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David Hegg: Vacation to reflect

Posted: August 5, 2012 2:00 a.m.
Updated: August 5, 2012 2:00 a.m.
 

Usually when we think about vacations it’s in anticipation of “getting away” from the things that normally occupy us. The whole idea is to escape, to “vacate” our ordinary lives in order to rest, relax, enjoy and just generally refuel. And what I often find is that these times of unscheduled hours and days offer a wonderful opportunity to reconnect with those values that make life satisfying.

In the delightful film “What About Bob?” a popular psychiatrist suggests that Bob “take a vacation from your problems.” Besides just being plain funny, the movie takes the audience to the intersection where vacation and the challenges of living in a fast-moving, emotionally challenging society meet. And while I put this movie in my top 10 all-time film experiences, I would have given Bob different advice. I think vacations are the perfect time to consider our lives — even our challenges — and re-examine just what we hold as the foundational commitments of our lives.

Vacations offer an excellent vantage point on the lives we live. It is as though we are able to get away, and perhaps stand above, the daily ins and outs of our ordinary existence. We become spectators on the way we are living, the decisions we are making and the results so far. And often this allows us time to contemplate if the direction we’re going and the attitudes we’re adopting are actually beneficial for us and our families.

Vacations also provide time for listening to other voices. In my case this most often means reading several books that I’ve just not had time to open during the year. It also means having time to really talk with my wife and intentionally reflect on how we’re dealing with the changes of life and the opportunities we’re facing. And on our best vacations it means spending time with good friends we don’t regularly get to enjoy because of geography. And of course, vacations always allow extended times of unhurried hours for private prayer and meditation on God’s word, the Bible.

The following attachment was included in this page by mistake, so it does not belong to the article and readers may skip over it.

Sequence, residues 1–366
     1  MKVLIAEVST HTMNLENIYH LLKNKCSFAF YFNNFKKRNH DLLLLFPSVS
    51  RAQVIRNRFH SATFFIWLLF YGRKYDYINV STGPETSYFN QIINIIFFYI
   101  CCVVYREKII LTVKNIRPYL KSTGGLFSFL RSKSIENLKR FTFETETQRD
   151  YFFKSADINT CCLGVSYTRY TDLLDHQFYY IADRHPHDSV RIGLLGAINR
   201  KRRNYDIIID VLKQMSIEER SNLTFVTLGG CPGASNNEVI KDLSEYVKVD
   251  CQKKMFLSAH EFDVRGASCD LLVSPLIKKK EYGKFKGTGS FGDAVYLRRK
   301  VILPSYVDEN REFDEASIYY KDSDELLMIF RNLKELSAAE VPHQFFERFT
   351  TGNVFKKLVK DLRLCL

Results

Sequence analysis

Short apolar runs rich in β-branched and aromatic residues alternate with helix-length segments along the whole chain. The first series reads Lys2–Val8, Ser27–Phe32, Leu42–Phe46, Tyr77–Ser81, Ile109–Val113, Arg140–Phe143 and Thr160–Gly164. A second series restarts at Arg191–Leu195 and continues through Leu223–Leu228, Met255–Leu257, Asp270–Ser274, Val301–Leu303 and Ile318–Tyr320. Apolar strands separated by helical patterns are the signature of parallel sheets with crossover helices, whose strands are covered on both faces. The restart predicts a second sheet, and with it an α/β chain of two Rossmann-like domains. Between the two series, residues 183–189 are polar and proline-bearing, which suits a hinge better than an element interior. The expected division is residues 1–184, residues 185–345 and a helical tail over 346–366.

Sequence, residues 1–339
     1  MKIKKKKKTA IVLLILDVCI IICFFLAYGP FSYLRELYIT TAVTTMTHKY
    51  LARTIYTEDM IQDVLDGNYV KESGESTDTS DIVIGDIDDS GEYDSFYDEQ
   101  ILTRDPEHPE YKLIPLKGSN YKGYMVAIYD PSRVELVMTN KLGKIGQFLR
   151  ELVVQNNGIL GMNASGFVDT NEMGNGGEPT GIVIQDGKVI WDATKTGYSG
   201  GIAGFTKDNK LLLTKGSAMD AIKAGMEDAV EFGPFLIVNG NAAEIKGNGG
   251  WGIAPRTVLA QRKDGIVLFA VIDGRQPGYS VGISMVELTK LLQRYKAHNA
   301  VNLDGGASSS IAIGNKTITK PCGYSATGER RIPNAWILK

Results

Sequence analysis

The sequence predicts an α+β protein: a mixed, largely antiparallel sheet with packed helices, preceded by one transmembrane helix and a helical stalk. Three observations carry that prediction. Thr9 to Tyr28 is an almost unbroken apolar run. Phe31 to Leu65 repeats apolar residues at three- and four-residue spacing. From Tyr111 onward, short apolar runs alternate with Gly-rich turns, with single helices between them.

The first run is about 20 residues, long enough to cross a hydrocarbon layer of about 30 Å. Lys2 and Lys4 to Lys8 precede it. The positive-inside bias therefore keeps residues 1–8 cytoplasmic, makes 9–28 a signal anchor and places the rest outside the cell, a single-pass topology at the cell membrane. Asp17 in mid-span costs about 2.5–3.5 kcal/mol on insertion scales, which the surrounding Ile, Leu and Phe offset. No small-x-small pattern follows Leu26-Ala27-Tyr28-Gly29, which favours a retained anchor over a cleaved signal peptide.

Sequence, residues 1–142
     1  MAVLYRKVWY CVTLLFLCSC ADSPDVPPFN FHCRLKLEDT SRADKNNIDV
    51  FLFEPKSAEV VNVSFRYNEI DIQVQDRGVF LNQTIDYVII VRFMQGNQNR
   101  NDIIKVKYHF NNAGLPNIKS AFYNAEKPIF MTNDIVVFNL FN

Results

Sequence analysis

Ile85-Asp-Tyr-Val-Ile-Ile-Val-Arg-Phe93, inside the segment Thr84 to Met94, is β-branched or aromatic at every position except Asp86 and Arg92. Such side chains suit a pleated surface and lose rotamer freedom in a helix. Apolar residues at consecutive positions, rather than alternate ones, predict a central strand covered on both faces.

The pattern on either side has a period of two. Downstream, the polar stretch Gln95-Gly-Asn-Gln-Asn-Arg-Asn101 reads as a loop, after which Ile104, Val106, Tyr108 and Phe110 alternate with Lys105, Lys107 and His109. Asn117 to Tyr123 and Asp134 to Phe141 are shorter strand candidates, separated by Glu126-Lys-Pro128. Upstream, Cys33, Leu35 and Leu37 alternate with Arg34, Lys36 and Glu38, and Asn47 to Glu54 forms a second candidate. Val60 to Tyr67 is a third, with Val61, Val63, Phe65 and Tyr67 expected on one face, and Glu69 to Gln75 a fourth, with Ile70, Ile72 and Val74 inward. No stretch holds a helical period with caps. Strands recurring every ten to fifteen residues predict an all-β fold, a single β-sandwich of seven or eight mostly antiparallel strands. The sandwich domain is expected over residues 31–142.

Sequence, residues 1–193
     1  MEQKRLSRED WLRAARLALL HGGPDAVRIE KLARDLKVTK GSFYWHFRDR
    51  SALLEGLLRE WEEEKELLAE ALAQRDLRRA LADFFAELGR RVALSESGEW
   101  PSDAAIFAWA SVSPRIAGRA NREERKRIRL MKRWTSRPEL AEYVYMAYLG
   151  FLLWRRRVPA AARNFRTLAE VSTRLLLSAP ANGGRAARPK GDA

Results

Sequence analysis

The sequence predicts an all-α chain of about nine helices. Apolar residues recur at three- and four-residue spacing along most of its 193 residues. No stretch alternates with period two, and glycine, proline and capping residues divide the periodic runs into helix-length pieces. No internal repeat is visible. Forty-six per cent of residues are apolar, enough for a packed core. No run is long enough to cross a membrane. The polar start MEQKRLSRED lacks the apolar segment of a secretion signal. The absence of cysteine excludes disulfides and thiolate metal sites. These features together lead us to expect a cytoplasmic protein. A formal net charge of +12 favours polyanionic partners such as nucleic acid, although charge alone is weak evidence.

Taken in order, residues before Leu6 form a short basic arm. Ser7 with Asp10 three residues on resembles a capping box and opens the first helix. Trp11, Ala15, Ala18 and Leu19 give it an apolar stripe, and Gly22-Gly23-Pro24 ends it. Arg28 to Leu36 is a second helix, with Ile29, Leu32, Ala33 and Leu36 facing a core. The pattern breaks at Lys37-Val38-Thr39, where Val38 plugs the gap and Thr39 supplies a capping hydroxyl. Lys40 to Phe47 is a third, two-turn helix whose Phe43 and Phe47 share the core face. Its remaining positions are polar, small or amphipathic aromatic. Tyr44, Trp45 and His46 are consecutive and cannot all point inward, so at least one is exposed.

I have found that the combination of loving relationships, fresh information, genuine reflection and ample time to enjoy them all, is a powerful engine for refreshment and renewal. It also happens to be a catalyst for creativity. And that’s why I would have encouraged Bob to lean into his vacation, as well as his problems, and see if the combination allowed for fresh insights and plausible solutions.

So my advice is to make the most of your vacation, no matter how short your time. Be intentional about using some of the time to read, think, reflect and reassess. If you do I think you’ll come back to your ordinary life believing that it is, in reality, extraordinary. After all, the best thing about vacation is realizing that the life to which you are returning is both exciting and satisfying.

David W. Hegg is senior pastor at Grace Baptist Church in Santa Clarita.

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